City of Homs becomes focus of Syria's uprising

This photo provided by the activist Local Coordination Committees shows a house damaged in the Baba Amr neighborhood of Homs. On the fifth day of heavy shelling, at least 50 people were killed by regime forces Wednesday, activists said.

Associated Press

This photo provided by the activist Local Coordination Committees shows a house damaged in the Baba Amr neighborhood of Homs. On the fifth day of heavy shelling, at least 50 people were killed by regime forces Wednesday, activists said.

MAFRAQ, Jordan — Every day, rockets and mortars fired by regime forces rattle the streets of Homs. Armed rebels ambush government military checkpoints. Hatreds brew on either side of the avenues that divide the bloodstained Syrian city.

Homs has become the focus of the worst violence of the 11-month-old uprising, which appears to be morphing into a civil war with fearsome sectarian overtones. Syria's third-largest city has become the major center of both resistance and reprisal, fueled in part by increasingly bold army defectors who want to bring down President Bashar Assad's autocratic regime by force.

Early in the uprising, residents tried to recreate the fervor of Egypt's Tahrir Square, only to face siege upon siege by government forces for nearly a year. Homs now is a powerful symbol of the revolution.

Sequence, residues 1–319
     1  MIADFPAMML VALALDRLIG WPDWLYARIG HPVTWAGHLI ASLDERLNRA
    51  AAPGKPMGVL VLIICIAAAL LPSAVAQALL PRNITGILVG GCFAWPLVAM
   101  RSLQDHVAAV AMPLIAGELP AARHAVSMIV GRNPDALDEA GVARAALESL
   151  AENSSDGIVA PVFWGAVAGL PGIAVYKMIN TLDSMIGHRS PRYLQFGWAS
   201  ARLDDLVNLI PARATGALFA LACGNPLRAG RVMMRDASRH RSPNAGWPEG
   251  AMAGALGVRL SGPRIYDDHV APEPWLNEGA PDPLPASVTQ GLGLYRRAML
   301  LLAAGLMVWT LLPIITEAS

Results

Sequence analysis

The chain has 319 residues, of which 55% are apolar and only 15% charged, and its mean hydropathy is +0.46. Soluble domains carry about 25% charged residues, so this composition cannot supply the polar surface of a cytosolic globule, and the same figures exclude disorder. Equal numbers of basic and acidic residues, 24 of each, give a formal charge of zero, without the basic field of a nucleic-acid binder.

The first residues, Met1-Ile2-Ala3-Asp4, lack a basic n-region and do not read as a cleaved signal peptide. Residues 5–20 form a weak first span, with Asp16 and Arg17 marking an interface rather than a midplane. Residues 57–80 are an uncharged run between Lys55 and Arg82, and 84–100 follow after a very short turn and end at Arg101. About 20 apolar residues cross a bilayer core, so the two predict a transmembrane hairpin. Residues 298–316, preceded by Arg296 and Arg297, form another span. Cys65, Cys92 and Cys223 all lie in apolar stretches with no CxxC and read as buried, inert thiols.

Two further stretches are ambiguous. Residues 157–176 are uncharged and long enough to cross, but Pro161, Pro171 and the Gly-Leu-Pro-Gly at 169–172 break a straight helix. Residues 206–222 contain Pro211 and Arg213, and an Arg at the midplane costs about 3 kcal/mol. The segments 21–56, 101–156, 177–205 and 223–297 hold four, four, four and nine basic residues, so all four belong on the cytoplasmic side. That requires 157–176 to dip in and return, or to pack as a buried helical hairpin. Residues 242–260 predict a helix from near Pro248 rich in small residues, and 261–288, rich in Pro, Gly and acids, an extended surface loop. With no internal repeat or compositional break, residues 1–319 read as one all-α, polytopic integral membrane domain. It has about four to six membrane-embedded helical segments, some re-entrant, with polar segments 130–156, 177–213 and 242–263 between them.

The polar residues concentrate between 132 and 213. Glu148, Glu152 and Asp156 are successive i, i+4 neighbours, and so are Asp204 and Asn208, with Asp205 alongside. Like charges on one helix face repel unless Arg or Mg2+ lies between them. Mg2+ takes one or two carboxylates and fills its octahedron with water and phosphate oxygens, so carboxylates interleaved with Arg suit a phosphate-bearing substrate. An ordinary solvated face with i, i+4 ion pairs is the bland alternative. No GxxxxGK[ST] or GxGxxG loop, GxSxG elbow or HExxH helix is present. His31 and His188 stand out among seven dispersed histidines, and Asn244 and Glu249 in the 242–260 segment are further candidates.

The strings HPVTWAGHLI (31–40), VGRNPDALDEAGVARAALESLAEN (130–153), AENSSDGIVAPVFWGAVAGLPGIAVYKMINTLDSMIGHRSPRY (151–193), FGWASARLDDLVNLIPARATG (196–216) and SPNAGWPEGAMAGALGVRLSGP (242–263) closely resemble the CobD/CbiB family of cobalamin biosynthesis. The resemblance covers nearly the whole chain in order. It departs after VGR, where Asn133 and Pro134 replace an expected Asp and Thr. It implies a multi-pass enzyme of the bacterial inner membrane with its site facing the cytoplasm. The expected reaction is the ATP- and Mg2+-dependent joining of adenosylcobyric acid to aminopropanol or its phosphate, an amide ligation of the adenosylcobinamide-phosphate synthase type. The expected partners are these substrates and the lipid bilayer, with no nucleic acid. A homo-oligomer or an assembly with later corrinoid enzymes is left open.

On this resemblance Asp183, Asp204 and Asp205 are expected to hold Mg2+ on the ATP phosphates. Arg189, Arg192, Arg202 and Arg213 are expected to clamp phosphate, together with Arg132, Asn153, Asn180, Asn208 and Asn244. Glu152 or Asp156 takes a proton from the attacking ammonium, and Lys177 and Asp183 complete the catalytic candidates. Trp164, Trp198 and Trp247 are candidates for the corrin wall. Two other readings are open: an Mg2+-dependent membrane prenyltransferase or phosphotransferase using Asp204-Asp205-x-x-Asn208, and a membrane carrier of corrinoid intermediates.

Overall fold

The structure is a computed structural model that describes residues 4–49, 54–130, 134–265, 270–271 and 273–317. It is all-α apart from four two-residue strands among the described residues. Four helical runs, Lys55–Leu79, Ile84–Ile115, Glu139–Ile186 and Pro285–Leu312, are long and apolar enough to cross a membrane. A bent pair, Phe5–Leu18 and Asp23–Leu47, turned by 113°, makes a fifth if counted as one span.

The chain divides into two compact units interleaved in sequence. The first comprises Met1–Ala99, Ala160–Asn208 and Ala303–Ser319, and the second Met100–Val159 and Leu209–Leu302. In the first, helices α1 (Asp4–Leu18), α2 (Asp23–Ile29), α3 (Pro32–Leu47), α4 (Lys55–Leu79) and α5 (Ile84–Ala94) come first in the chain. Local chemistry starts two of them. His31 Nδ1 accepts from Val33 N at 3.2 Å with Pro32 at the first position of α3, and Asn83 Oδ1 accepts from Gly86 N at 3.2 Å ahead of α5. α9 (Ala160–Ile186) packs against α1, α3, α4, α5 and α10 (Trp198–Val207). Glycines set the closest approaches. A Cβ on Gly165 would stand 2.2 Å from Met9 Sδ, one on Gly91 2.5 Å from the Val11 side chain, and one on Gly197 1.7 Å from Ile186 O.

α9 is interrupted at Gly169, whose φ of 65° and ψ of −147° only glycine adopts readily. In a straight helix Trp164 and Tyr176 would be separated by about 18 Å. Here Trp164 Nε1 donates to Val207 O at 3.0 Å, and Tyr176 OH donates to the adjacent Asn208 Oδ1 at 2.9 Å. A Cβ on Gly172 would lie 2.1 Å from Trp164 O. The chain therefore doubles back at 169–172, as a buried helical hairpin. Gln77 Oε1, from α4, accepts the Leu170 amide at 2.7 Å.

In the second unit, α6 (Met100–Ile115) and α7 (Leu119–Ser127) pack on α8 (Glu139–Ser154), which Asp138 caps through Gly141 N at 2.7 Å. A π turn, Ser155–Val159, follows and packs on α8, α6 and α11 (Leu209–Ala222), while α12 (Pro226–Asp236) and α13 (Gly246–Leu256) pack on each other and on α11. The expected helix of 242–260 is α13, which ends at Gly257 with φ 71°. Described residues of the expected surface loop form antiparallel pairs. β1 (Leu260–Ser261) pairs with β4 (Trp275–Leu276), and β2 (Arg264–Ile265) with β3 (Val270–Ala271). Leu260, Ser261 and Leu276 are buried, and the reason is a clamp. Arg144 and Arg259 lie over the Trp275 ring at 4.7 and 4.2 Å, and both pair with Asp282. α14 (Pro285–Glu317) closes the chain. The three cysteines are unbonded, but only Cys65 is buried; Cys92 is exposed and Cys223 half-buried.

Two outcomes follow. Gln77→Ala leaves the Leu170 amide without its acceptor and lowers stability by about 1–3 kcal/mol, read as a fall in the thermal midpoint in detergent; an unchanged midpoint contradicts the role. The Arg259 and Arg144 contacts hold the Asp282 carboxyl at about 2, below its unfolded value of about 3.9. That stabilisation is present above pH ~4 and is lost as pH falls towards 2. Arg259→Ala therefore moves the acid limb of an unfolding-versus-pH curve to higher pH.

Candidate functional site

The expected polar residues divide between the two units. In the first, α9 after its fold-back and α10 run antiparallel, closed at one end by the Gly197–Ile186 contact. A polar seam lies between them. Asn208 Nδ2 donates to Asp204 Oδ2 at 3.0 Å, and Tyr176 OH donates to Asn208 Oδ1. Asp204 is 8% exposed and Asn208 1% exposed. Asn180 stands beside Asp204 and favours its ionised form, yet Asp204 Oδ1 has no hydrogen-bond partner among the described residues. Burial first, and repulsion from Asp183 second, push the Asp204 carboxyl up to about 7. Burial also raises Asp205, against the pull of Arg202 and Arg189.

With many neighborhoods outside government control, the regime's tanks and snipers are again opening fire in an offensive that began early Saturday to root out pockets of resistance and retake control of an area that holds great strategic importance in Syria.

"You'll be shot dead, if you go out," Samar Rahim, 32, told the Associated Press in this Jordanian farming town along the Syrian border, one week after she fled Homs with her family. "Snipers are firing at anyone in the streets. That's why we left everything behind."

Rahim and other refugees interviewed by the AP described living in fear, hunkering down inside their homes and desperately trying to protect their young children.

A woman who was three months pregnant was shot and killed when she ventured out for an errand, Rahim said. A 10-year-old boy on her street also was killed. Another neighbor was shot immediately when she opened her front door.

Homs, a city of about 1 million, has shown great sympathy for the opposition since the early days of the uprising. In April, protesters carried mattresses, food and water to the main Clock Square, hoping to emulate Cairo's Tahrir Square, where activists demanded the downfall of the Mubarak regime.

Security forces quickly raided the encampment, shooting at protesters and chasing them through the streets for hours. The onslaught only increased the intensity of the protests, fueling a revolt that has posed the most serious challenge to the Assad family dynasty.

But as the conflict turns more violent, Homs has become the bloodied epicenter.

In the latest operation, which began Saturday, government forces have unleashed a relentless offensive against Homs, shelling residential areas as they try to retake control of the city. Hundreds are thought to have been killed there in the past five days.

City of Homs becomes focus of Syria's uprising 02/08/12 [Last modified: Wednesday, February 8, 2012 10:22pm]

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